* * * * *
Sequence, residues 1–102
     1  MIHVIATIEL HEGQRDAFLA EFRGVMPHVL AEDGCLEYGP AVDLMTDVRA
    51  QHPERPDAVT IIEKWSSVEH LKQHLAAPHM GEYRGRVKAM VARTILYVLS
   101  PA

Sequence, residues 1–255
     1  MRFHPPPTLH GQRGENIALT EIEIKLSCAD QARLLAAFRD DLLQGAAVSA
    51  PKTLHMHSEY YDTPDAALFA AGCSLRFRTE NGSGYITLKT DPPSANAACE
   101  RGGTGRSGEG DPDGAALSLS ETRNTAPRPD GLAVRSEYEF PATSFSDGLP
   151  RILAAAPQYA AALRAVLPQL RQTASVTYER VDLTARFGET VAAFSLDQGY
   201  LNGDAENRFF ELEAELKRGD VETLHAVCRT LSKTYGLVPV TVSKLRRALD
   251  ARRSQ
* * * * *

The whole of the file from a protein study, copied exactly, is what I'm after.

Sequence, residues 1–102
     1  MIHVIATIEL HEGQRDAFLA EFRGVMPHVL AEDGCLEYGP AVDLMTDVRA
    51  QHPERPDAVT IIEKWSSVEH LKQHLAAPHM GEYRGRVKAM VARTILYVLS
   101  PA

Sequence, residues 1–255
     1  MRFHPPPTLH GQRGENIALT EIEIKLSCAD QARLLAAFRD DLLQGAAVSA
    51  PKTLHMHSEY YDTPDAALFA AGCSLRFRTE NGSGYITLKT DPPSANAACE
   101  RGGTGRSGEG DPDGAALSLS ETRNTAPRPD GLAVRSEYEF PATSFSDGLP
   151  RILAAAPQYA AALRAVLPQL RQTASVTYER VDLTARFGET VAAFSLDQGY
   201  LNGDAENRFF ELEAELKRGD VETLHAVCRT LSKTYGLVPV TVSKLRRALD
   251  ARRSQ